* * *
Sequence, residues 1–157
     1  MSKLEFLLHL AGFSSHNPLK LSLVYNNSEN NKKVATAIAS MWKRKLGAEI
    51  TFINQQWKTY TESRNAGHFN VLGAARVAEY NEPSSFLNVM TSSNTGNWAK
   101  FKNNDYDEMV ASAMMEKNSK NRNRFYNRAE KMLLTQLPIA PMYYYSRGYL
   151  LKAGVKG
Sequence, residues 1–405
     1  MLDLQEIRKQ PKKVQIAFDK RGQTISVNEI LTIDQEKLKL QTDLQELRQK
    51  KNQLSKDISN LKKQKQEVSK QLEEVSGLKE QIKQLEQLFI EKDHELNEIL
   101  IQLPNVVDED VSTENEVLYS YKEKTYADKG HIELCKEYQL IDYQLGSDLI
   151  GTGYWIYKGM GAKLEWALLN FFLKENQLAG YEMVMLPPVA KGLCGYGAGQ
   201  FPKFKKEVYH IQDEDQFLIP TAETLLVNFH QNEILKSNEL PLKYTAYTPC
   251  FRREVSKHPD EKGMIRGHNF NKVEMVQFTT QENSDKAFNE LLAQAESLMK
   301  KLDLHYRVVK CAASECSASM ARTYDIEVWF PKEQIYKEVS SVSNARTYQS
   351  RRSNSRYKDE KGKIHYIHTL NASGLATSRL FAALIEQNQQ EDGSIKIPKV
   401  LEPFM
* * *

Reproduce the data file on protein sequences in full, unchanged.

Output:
Sequence, residues 1–157
     1  MSKLEFLLHL AGFSSHNPLK LSLVYNNSEN NKKVATAIAS MWKRKLGAEI
    51  TFINQQWKTY TESRNAGHFN VLGAARVAEY NEPSSFLNVM TSSNTGNWAK
   101  FKNNDYDEMV ASAMMEKNSK NRNRFYNRAE KMLLTQLPIA PMYYYSRGYL
   151  LKAGVKG
Sequence, residues 1–405
     1  MLDLQEIRKQ PKKVQIAFDK RGQTISVNEI LTIDQEKLKL QTDLQELRQK
    51  KNQLSKDISN LKKQKQEVSK QLEEVSGLKE QIKQLEQLFI EKDHELNEIL
   101  IQLPNVVDED VSTENEVLYS YKEKTYADKG HIELCKEYQL IDYQLGSDLI
   151  GTGYWIYKGM GAKLEWALLN FFLKENQLAG YEMVMLPPVA KGLCGYGAGQ
   201  FPKFKKEVYH IQDEDQFLIP TAETLLVNFH QNEILKSNEL PLKYTAYTPC
   251  FRREVSKHPD EKGMIRGHNF NKVEMVQFTT QENSDKAFNE LLAQAESLMK
   301  KLDLHYRVVK CAASECSASM ARTYDIEVWF PKEQIYKEVS SVSNARTYQS
   351  RRSNSRYKDE KGKIHYIHTL NASGLATSRL FAALIEQNQQ EDGSIKIPKV
   401  LEPFM